Most people are confused by verse 22, “Tongues, then, are a sign, not for believers but for unbelievers; prophecy, however, is for believers, not for unbelievers.”  This seems to be just the opposite of his argument.  Paul quotes Isaiah 28:11 in verse 21 as his support.  In this case tongues were not a sign to unbelievers of God’s presence . . . it was a sign of judgment.  The tongues of the Assyrians were not a sign that God was reaching out . . . it was a sign to the unbelievers of their hard hearts!

Paul argues in effect, that if we want to reach out to unbelievers we need to talk to them in a way that they can understand.  If a non-believer comes into a church where everyone is speaking in tongues he will not be drawn to the Lord, he will think they are all crazy.

A friend of mine who was new to Christianity went to a church one night where all the people were speaking in tongues during the time of worship.  He came home and called me and asked, “What is with these people?  This was a scary experience.  I felt like I was caught up into some cult!”  He was not drawn to the gospel through those things, he was pushed away.

On the other hand, if a non believer comes into a church where someone is explaining the gospel in an understandable way, those people may be “convinced by all that he is a sinner and will be judged by all, and the secrets of his heart will be laid bare.  So he will fall down and worship God, exclaiming, ‘God is really among you!’” (v. 24-25).

When the truth is presented clearly is will do several things,

  1. It will make a person aware of their own sin.  A friend of Socrates used to say, “Socrates, I hate you, for every time I meet you, you make me see what I am.”  That is what the gospel should do.  It confronts us with the truth about ourselves.
  2. It will alert a person to the reality of judgment and eternal consequences of our choices here on earth.
  3. It brings a person to their knees before God.  The clear gospel message helps people understand that they cannot be saved apart from God’s grace.  They will come to see that there is no way for us to earn favor with God.
  4. Hopefully, the clear message of the gospel will lead people to seek God’s grace and forgiveness, so that they can experience the acceptance and new life that comes from trusting Christ.

The application for us is simple: we should do things that will help other people understand the truth and share in the life and worship of God.  Do you realize we can speak in English and still sound, to the unbeliever, like we are speaking in tongues?  If we use Christian clichès and theological terms that we never define we are speaking in a way that sounds like a foreign language.  If we are constantly talking in Shakespearean English we are in essence speaking in a foreign language. The listener will not understand what is being said (which is why we use a more modern translation of the Bible).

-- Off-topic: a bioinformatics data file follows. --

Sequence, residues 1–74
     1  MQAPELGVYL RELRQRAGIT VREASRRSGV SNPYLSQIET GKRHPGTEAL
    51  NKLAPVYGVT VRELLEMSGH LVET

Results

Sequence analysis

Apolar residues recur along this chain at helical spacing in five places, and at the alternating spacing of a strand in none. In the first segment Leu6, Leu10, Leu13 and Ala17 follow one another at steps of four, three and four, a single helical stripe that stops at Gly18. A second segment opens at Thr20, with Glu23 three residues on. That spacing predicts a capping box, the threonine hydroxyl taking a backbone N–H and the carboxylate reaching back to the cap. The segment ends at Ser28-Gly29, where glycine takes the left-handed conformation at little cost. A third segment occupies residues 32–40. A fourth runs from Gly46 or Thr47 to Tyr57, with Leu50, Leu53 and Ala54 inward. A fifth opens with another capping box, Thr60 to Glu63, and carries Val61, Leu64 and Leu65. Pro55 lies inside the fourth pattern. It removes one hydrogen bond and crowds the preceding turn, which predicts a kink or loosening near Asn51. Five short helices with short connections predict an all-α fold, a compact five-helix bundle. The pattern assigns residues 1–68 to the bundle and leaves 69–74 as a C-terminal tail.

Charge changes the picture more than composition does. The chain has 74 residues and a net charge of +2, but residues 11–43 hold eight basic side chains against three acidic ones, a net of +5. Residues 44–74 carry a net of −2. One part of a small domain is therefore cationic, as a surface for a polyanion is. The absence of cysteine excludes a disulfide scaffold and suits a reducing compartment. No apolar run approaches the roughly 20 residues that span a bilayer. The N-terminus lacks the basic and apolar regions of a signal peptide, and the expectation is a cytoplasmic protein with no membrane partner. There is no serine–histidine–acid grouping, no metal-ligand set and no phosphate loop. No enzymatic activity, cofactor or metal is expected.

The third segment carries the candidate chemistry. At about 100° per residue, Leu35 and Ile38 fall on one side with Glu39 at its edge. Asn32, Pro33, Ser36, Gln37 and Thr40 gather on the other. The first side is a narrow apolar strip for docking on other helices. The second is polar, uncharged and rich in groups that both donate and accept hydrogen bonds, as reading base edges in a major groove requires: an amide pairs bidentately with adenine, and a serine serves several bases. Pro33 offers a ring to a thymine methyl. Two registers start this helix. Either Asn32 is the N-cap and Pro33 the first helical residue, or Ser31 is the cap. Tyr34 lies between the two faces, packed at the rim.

Suppose you are in a room with a bunch of computer geeks. They can have a very animated conversation talking about code and ISP’s and BUS ports and Registry changes and all I hear is “Blah, Blah, Blah”.  It doesn’t take long before I tune out entirely.

You can be around people who begin an animated conversation about cars, medicine, electronics, and you hear “blah, blah, blah”.  You can even listen to your kids talk in slang and hear only “blah, blah, blah”.

The gospel is important truth.  We must communicate it clearly!  To this end, we must define theological terms so that others understand.  We structure worship with the visitor always in mind.  We want to help them understand what we are doing. We want to embrace visitors rather than push them away.  Paul worked hard to speak the language of his listeners….we should endeavor to do the same thing.


In the area of spiritual gifts, the Corinthians were missing the point.  They were craving the gifts that were “cool” or “flashy”.  They wanted the gifts that made them personally feel more spiritual. Instead, they should have been pursuing gifts that would help others to grow in the faith.

At the end of chapter 12 Paul told us to desire the greater gifts.  I don’t believe he was so much telling us to crave specific gifts . . . he was telling us to yearn for gifts that will impact the lives of others.  We must always remember that God brought us together so we could spur one another on to growth and Christlikeness.

God’s primary concern is not that we have a good time or even that we “feel” spiritual.  That is a childish approach to worship. God is concerned with communicating His character and heart to His children, and the truth of His love to those who are lost and in desperate need of God’s forgiveness and new life. True worship is not about whether we were touched but rather whether or not God was honored.  It was not whether or not we felt God’s presence but whether or not we were fully present before the Lord.

In short, God wants us to love people enough that we willingly take our eyes off of ourselves and our experience and enthusiastically use whatever gift we have at our disposal to reach spiritually dying people with the message of hope and new life.  This is a lesson we must learn.  Until we fulfill this requirement we will be severely limited in our effectiveness in living for the King.  We would be wise to pay attention.